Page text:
Plans have been submitted to convert a long-empty pub near Chippenham into a house. 

Most recently used as a cafe and wine bar, the Mermaid Inn in Christian Malford has been empty since 2010, according to the planning documents. 

The last occupants of the pub were evicted in September 2009 by an order from the Swindon Magistrates Court, after failing to pay outstanding costs - the design, access and heritage statement attached to the application claims.

According to the planning documents, between 2005 and 2010 Punch Taverns leased the premises to a number of individuals/companies to see if they could make it work financially.

None were successful, and the pub's businesses continued to decline. 

The application says that in view of this and "combined with people’s changing drinking habits, and pressures on the industry as a whole, the utilisation of the whole of such a large building as a business, is no longer economically viable."

Smethurst Property Consultants has said that given the lack of interest in the pub up to this point, it is its opinion that the building is "too far removed to appeal as a serious commercial opportunity". 

The applicants say the building is "no longer fit for purpose", adding: "In conclusion, the application scheme is acceptable in all respects and request that full planning permission is granted subject to conditions."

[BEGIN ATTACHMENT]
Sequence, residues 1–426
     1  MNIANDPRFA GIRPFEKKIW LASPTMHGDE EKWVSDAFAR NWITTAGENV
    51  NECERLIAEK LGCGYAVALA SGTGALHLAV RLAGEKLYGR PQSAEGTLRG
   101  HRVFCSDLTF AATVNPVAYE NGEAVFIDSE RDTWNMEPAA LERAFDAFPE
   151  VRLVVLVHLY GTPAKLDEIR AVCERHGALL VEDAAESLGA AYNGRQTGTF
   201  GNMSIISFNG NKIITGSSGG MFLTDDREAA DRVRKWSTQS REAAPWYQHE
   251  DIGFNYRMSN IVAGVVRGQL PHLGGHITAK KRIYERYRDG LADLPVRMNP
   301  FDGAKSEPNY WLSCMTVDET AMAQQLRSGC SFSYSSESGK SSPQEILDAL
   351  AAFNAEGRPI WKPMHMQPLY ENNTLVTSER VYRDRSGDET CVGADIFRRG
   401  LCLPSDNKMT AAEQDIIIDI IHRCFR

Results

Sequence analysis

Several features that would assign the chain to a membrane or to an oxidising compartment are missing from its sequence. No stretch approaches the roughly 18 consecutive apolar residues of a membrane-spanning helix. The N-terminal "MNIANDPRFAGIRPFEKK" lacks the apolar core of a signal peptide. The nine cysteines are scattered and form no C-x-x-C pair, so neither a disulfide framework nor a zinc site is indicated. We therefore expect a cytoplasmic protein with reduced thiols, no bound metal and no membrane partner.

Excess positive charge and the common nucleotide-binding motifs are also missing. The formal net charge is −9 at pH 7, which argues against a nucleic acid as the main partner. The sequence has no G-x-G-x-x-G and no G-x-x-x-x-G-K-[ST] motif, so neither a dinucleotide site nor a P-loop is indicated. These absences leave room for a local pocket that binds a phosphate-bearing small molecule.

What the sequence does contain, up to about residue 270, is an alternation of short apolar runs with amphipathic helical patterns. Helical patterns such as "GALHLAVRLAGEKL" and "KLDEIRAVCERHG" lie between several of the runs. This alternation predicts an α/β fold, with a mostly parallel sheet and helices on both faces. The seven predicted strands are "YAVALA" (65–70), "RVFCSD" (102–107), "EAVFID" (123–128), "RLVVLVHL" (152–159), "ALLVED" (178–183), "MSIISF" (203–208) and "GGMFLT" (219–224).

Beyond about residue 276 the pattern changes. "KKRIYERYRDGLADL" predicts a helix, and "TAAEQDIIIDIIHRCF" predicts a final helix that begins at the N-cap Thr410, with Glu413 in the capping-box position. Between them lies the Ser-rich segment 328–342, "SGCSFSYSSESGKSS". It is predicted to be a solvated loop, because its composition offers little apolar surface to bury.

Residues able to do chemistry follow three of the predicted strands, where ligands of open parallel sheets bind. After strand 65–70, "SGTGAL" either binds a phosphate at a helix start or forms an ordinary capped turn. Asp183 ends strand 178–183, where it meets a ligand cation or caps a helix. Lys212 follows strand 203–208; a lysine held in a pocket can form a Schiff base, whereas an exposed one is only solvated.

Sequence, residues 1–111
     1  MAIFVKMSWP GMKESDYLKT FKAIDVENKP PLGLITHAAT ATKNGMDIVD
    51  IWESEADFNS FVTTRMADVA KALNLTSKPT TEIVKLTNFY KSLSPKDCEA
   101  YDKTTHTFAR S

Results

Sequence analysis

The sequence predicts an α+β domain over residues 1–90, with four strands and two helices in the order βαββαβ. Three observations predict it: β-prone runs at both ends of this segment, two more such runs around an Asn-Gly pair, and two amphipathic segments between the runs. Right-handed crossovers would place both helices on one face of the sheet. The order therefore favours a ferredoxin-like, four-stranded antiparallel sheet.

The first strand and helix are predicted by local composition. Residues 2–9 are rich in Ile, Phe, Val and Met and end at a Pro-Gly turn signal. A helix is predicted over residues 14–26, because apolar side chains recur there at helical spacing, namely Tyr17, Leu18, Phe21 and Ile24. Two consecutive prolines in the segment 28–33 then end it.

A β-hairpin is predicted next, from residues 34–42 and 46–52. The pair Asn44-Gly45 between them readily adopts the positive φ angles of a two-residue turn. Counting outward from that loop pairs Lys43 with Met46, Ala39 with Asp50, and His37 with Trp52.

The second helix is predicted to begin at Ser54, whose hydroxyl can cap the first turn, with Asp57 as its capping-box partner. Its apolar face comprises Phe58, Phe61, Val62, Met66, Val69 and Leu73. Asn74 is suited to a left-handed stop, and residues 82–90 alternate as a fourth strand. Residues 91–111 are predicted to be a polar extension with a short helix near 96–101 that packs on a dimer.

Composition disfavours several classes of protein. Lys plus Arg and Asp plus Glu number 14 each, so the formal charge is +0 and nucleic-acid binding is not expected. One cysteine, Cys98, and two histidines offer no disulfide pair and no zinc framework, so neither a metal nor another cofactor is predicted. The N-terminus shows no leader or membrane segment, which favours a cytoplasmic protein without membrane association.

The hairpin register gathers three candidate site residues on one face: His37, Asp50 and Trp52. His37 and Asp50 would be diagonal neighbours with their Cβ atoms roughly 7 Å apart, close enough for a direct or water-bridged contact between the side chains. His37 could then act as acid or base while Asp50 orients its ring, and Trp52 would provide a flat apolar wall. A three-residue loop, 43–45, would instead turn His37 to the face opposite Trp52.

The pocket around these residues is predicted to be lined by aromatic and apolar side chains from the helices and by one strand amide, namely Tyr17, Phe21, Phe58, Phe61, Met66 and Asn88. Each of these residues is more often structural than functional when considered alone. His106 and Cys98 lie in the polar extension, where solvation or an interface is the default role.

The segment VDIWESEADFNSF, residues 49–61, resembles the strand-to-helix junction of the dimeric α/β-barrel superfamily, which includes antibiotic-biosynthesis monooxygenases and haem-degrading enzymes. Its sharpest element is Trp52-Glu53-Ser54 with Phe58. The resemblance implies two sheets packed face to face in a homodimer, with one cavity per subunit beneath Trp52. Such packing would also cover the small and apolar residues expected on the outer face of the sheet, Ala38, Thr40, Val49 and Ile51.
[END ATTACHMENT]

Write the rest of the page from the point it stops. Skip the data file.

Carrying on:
Separate planning applications have already been approved to build other homes on the same site, and the land was allocated for development in the Christian Malford Neighbourhood Plan. 

If this latest application goes through, there will two four-bedroom houses, two three-bedroom homes and three two-bedroom homes on the site, which the applicants say will provide a "good mix and range of housing, which is considered to be wholly appropriate to Christian Malford and will provide housing for families looking to remain within the village".

The pub itself is a Grade II listed building, and the ground floor of the main building comprises of the bar, lounge and function room and includes the public toilets, kitchen, food preparation area and cellar.

The first floor is the manager’s ancillary domestic accommodation and comprises of a lounge, bathroom and five bedrooms. The second floor has two loft rooms.

The applicants say their proposals do not disturb the historic layout of the building, and "in fact will reinforce that character by working with and maintaining the pattern and structure of the building".